Yesterday afternoon I sat in a dark movie theater in the middle of the Mojave Desert and, thanks to some 21st-Century technology, stared into a dark cave in the south of France whose walls contain what are thought to be the earliest paintings by human beings ever discovered, some 30,000 years old.
I was, of course, watching Werner Herzog's 3D documentary Cave Of Forgotten Dreams. Because of the precious nature and fragility of the cave paintings, the public has never been and never will be allowed to visit the cave, which is accessible only to scientists and historians, but Herzog was allowed to film it to show off its wonders to the world.
The 3D process he used is illuminating, not only because it conveys a visceral sense of the spooky cave environment but also because the artists who made the paintings used the irregular surfaces of the cave walls as elements of their work, often suggesting the physical mass of the animals they depicted, giving the images at times the quality of relief sculptures.
One has to strain to imagine the age of the paintings because they do not look old. They are well preserved, because the cave was sealed off by a rock slide about 10,000 years ago, but the art itself is fresh and alive, and breathtakingly beautiful. The images pulse with desire — they mostly depict animals that were hunted by Paleolithic men for survival — but also with awe and respect. The animals are rendered with powerful suggestions of movement and grace, their beauty as living creatures fully appreciated.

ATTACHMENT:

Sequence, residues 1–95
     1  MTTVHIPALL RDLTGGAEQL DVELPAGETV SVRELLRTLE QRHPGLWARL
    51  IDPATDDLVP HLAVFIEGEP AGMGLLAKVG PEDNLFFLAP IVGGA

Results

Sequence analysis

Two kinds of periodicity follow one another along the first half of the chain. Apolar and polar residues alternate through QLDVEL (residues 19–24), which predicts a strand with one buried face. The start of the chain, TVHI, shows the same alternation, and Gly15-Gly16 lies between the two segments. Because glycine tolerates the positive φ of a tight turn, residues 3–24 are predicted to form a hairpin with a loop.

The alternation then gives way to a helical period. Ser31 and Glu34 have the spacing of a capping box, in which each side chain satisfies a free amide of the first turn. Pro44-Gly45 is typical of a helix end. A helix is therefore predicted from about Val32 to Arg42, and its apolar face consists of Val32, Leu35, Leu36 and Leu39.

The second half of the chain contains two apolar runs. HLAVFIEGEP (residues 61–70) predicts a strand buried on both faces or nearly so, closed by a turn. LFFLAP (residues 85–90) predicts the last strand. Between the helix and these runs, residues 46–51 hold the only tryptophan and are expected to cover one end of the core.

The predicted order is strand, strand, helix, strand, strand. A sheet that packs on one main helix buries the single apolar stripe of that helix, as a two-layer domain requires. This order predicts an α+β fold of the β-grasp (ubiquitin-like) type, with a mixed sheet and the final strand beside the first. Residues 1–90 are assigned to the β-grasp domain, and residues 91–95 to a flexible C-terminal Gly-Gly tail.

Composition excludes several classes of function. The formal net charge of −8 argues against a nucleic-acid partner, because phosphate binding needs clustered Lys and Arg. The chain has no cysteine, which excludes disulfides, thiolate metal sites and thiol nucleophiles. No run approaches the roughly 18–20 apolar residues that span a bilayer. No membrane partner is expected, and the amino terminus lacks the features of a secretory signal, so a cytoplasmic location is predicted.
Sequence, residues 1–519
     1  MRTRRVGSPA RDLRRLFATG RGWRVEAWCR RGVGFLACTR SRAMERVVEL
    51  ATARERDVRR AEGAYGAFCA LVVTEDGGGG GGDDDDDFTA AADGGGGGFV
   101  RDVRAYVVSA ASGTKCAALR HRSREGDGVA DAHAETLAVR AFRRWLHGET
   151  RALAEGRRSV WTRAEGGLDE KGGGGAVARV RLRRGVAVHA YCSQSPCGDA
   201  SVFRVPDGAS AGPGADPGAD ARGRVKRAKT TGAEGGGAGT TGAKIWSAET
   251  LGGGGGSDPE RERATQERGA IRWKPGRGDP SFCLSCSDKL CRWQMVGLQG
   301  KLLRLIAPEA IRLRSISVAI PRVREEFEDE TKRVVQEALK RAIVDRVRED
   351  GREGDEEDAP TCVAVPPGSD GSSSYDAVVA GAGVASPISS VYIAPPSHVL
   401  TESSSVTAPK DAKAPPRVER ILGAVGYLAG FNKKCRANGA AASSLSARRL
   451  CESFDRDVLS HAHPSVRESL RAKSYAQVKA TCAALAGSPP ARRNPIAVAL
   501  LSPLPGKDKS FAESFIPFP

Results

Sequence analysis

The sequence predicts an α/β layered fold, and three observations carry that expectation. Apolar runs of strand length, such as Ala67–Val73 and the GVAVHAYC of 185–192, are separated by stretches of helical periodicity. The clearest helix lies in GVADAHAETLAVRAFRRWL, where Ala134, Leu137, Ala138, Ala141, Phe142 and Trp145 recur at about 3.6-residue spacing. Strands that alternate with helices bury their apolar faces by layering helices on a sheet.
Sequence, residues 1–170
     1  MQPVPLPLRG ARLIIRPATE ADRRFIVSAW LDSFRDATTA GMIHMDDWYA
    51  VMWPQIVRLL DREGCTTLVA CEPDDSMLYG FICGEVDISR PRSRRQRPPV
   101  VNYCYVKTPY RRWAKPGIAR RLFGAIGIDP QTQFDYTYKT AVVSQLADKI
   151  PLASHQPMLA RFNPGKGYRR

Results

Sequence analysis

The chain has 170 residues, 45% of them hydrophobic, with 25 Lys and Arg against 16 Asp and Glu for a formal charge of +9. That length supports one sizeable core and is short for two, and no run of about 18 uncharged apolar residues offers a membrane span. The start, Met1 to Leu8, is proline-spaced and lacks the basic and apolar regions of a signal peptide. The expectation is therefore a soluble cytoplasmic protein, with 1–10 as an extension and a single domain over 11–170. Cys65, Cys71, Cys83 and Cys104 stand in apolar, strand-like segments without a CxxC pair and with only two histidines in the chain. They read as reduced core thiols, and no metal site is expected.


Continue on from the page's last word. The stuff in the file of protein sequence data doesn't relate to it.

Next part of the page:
Here, for example, are the earliest painted representations of horses, and they can stand as works of art alongside the horses of the Parthenon Frieze, the Byzantine Horses of San Marco, the horses in a John Ford film. They summon up the vital spirit of horses in the flesh and in movement.
Human beings have created no greater works of art in the 30,000 years that have passed since “primitive men” crafted these images. This is humbling in one sense, but also invigorating. The images remind us of what is distinct about our species, this ability to make not just useful things, of increasing complexity, but sublimely beautiful things, of inexhaustible complexity. It's a complexity that transcends the material plane, and can only be called spiritual, and it's found, fully developed, in Chauvet Cave.
Our ancestors were fully human when they made these works of art — when one of them stenciled the outline of his hand on the cave wall — and we can look at them to remind ourselves what being fully human means.